India refused to issue a joint statement at the end of interior minister Rehman Malik's three-day visit, a public protest against the provocations of the visiting Pakistani minister, Times of India in  a report said Monday.

Though a joint press conference by home minister Sushil Kumar Shinde and his Pakistani counterpart was ruled out at the very outset on account of Parliament being in session, the two sides had agreed to issue a joint statement.

Officials in the Indian home ministry were, in fact, working on a draft until the ceaseless needling led India to decide that enough was enough. The last minute decision was a vivid illustration of India's annoyance over Malik's conduct which widened the trust deficit and reinforced India's suspicions that Pakistan was not sincere when it promised to punish the perpetrators of 26/11.

However, the bitter taste left by Malik's controversial remarks - wherein he mentioned 26/11 and Babri demolition in the same breath and also indicated that Kargil martyr Saurabh Kalia may have succumbed to inclement weather - led India to do away with a joint statement. The fact that this was a last-minute decision, taken after much prodding of Malik's delegation to act on India's demands in the 26/11 case, was clear when home ministry officials were asked to work on Sunday in anticipation of a positive response from Pakistan.

In fact, even before they decided against the joint statement, India made its disgust plain. Shinde, whom Malik had stunned into silence by raking up Babri, reportedly told the Pakistani visitor during one-on-one talks that he had spoken out of turn and that he should have restricted his statement to only the visa agreement.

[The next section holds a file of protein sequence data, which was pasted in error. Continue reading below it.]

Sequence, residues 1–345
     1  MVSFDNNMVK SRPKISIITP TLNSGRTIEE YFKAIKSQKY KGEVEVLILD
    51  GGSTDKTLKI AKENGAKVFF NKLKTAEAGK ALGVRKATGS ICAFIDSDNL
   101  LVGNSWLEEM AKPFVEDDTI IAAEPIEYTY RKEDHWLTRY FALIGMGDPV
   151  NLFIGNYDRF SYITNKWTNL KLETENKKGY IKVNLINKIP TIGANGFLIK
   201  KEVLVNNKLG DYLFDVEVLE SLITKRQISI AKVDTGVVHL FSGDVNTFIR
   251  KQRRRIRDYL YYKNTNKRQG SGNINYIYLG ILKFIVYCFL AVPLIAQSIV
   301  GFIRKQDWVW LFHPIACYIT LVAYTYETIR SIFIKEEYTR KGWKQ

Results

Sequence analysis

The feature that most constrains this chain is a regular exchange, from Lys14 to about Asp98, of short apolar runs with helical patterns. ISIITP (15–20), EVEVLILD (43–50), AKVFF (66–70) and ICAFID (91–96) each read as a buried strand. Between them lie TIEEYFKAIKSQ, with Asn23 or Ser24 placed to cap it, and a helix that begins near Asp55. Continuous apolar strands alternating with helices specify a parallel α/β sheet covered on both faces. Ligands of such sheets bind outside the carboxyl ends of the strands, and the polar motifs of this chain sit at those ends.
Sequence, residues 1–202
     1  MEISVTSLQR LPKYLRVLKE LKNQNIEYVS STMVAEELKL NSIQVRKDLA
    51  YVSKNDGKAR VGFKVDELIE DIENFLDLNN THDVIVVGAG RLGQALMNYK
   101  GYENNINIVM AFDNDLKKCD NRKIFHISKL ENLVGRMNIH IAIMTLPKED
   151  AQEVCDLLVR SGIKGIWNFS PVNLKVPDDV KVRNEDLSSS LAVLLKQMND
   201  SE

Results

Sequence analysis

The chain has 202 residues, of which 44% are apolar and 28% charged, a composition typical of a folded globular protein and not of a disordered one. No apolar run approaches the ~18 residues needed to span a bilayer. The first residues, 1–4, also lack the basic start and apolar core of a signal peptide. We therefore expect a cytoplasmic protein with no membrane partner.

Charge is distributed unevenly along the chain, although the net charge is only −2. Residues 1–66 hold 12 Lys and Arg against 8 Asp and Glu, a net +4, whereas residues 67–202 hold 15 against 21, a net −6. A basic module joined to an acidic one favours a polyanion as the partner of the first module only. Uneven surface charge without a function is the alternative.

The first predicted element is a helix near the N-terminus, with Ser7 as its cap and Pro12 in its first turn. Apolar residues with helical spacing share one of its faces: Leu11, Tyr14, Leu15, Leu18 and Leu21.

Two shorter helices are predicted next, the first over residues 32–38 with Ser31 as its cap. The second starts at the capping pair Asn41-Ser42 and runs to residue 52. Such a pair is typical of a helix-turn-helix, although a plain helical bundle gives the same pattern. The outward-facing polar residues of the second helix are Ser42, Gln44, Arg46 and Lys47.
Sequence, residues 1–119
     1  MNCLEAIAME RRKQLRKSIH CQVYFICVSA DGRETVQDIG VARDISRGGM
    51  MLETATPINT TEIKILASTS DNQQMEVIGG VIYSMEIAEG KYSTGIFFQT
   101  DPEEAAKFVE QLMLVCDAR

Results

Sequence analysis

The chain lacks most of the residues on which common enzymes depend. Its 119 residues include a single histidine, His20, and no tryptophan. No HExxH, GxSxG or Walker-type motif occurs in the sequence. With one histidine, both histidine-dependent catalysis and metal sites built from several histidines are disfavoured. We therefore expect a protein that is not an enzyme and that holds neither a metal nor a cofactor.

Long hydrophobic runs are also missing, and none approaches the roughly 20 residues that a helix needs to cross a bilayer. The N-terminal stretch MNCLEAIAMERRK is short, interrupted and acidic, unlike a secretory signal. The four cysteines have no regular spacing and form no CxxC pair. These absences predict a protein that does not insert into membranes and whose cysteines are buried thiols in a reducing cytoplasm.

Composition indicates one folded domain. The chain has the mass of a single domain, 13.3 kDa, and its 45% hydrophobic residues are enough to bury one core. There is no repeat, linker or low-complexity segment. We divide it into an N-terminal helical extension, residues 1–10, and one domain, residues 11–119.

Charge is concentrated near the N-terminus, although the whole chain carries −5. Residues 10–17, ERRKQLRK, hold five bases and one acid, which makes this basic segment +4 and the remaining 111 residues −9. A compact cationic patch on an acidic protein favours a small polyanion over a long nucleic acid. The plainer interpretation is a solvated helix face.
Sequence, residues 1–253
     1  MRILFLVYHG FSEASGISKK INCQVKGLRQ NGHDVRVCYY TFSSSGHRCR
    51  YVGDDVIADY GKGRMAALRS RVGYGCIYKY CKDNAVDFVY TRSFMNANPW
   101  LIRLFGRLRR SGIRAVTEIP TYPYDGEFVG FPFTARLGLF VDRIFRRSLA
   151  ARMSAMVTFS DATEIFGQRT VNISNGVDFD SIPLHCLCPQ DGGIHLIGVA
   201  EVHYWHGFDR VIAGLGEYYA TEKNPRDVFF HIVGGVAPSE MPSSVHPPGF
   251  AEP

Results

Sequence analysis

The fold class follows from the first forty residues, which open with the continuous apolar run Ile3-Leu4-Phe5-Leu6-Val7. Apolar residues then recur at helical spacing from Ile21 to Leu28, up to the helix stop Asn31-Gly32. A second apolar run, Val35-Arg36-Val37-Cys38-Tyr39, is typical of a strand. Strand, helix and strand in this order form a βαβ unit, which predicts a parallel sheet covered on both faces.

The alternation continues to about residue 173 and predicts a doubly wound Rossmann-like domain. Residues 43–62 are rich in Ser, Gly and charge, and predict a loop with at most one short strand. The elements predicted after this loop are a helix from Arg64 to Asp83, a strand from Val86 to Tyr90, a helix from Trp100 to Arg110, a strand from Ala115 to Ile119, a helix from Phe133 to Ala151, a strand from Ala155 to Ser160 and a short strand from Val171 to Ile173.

The only concrete outcome was the understanding on the visit of a second Pakistani judicial commission to India to cross-examine the key 26/11 witnesses here in New Delhi.

Among the demands put forward by Shinde at his interaction with Malik were handing over a copy of the 26/11 charge sheet filed in the Rawalpindi court, details of calls exchanged by 26/11 perpetrators, IP addresses used for communication during the Mumbai attacks and details of bank accounts supposedly used by 26/11 accused Zaki-ur-Rehman Lakhvi. Shinde also sought dates for an NIA team's visit to review progress of the 26/11 probe in Pakistan.

Though Malik's response was prompt and "magnanimous" - he said all demands would be met and even volunteered to ferry the NIA team to Pakistan on his return flight - when the Indo-Pakistan delegations really got down to business, the assurances seemed to have run dry.